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Important Shipping Updates

Auckland Port Delays

Please note the Port of Auckland is currently experiencing delays due to suffering a major mechanical failure on one of their STS cranes, ‘K’, which will be out of service until approximately mid-October whilst repairs are being undertaken.

The crane can be moved but is the centre crane of 5 on FX/FZ berths which does pose some limitations on the number of cranes the port can deploy to vessels at berth. Ongoing delays will remain to vessels working at the terminal as the port continue to manage tight labour capacity in addition to the above. 

China Golden Week – Reminder 

China National Golden Week holidays will fall between the 29th of September and 6th of October 2023. The National Day is held annually on the 1st of October, to celebrate the founding of the People’s Republic of China. It kicks off a 7 day Golden Week festival, including parades, ceremonies, and other displays.

Expect shipping and airfreight delays following the Golden Week as a lot of cargo would have been rolled due to being overbooked leading into the holiday period. We will also see blank sailings immediately after Golden Week due to factories being closed during the holiday leaving carriers to announce blank sailings in order to optimize vessel utilization. 

Airfreight Update

As the end of third quarter approaches, there is a build-up to relatively modest high season in the approaching fourth quarter this year compared to last year. This is driven mainly by ecommerce product demand for the upcoming holiday season—especially out of China and new technology product launches. 

Rates are picking up. This is affected by continually elevated jet fuel prices, capacity tightening from flight cancellations and increased demand for specific trade lanes that are affected by seasonal demand. 

Expect a slight rate increase as carriers implement winter schedules for October. Currently there are no disruptors expected for Q4—all airports, ports and terminals in the region are operating smoothly. Capacity is widely available. 

Impact of Labour Strikes 
Repeated labour strikes continue to occur in the wake of President Macron’s plan to raise the pension age. Impacts have included delays, fewer flights and increased air space congestion throughout Europe. 

With France hosting the Rugby World Cup from 8 September through 28 October, anticipate logistical delays due to traffic and demand. In addition, Paris Metro workers have threatened to strike during this period, which would result in traffic jams in and around the city.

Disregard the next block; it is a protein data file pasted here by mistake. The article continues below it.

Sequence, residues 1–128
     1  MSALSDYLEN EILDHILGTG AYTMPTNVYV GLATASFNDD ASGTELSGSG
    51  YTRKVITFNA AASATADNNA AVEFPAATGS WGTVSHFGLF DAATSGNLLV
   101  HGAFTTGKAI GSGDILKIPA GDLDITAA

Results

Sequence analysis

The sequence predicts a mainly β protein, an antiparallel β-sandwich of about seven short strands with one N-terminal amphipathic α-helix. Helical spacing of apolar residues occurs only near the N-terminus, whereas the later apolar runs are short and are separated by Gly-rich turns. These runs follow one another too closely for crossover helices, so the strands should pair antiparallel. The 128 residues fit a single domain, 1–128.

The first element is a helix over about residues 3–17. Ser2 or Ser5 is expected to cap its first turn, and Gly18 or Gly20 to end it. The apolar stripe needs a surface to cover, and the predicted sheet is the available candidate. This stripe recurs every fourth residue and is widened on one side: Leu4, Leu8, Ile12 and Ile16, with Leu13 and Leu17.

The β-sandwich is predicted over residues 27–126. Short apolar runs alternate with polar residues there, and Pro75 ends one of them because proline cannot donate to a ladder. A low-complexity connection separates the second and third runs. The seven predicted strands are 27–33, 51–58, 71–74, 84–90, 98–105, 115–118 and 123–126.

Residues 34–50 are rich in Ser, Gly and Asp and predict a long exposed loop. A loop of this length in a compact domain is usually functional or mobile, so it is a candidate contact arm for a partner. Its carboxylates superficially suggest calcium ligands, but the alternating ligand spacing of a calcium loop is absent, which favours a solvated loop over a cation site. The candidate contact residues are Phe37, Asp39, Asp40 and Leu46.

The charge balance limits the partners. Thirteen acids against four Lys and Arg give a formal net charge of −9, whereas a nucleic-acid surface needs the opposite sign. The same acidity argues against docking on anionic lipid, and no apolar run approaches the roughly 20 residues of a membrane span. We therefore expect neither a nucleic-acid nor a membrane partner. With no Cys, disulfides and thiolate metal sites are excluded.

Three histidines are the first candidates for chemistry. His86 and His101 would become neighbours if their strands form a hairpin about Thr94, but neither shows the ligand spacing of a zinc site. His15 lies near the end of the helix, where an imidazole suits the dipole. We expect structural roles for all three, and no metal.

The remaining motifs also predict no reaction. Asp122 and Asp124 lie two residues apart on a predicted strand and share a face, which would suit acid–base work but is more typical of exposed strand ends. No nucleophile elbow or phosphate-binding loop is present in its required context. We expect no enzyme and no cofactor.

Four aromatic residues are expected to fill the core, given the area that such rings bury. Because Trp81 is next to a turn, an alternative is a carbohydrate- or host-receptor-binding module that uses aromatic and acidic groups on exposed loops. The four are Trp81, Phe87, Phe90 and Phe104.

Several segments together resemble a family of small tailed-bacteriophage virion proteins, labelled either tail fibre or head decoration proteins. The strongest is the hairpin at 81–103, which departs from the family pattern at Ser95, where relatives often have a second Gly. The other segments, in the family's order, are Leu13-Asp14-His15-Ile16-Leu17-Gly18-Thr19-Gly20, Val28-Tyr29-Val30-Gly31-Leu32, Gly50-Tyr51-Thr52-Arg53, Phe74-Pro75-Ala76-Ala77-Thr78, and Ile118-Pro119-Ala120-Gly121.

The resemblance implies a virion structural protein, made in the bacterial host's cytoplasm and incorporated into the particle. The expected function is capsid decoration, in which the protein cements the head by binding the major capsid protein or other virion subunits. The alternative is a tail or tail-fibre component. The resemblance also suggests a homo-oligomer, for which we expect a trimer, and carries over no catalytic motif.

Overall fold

While train drivers will receive a bonus in recognition of the additional services they must run during the event, station staff have not been offered additional pay. Members of the trade union FO-RATP, which represents public transport workers in Paris, have threatened to walk out over the issue. Negotiations are currently ongoing. 

Latin America (LATAM) 
Capacity has increased +12% year over year (Y/Y) compared to last year and it continues to recover, matching pre-pandemic levels. This growth is driven by freighter and integrator capacity deployed in their networks. 

Expect market conditions in Q4 to be similar to current market conditions, with ample capacity for current volume levels. Airlines will look for ways to adjust capacity to reduce pressure on rates. 

Demand for crude oil remains stable, even as fuel surcharges are still going up. In Chile, carriers are preparing for the next cherry season. 

Space is available on most southbound lanes (ex Miami) with a combination of both passenger and freighter capacity available. Demand continues to be slow, driven by global and regional economic outlook. Markets continue to adjust rates to the new supply and demand reality. Long-term rates are stable as the market has likely bottomed out. 

Currently, there is ample capacity in all major trade lanes. This surplus is a result of reduced demand, prompting carriers to offer competitive spot pricing options. Despite these fluctuations, contract rates have maintained their stability with minimal to no adjustments. Moreover, the ongoing low season for perishable goods across the region has contributed to this. 

Consequently, the demand for northbound cargo remains lowered due to perishables being in their seasonal low. Conversely, southbound capacity originating from Miami is widely accessible for most markets. This situation has also led to the availability of aggressive spot pricing on the majority of lanes, which provides potential benefits for businesses engaged in delivering and trade. 

North America 
The U.S. export market remains stable and should remain so as the fourth quarter approaches. While you can expect capacity to decrease as the summer travel season comes to a close, the impact will likely be limited as a result of low overall demand. 

Spot market rates are trending up from Asia to the United States in August and September. Freighter operators continue to reduce flight schedules while demand is generally stable, resulting in the rate increases. 

Do not expect demand to significantly increase in the short term. From Europe to the United States, demand and rates remain relatively stable, though the upcoming capacity reductions driven by lower travel demand could result in slightly increased spot market rates. 

Capacity to Oceania continues to grow, however there are some capacity restraints due to Northern summer season travellers and additional fuel loads required—particularly from North America on direct flights. Softening of these restrictions and further additional capacity are expected as Q4 approaches.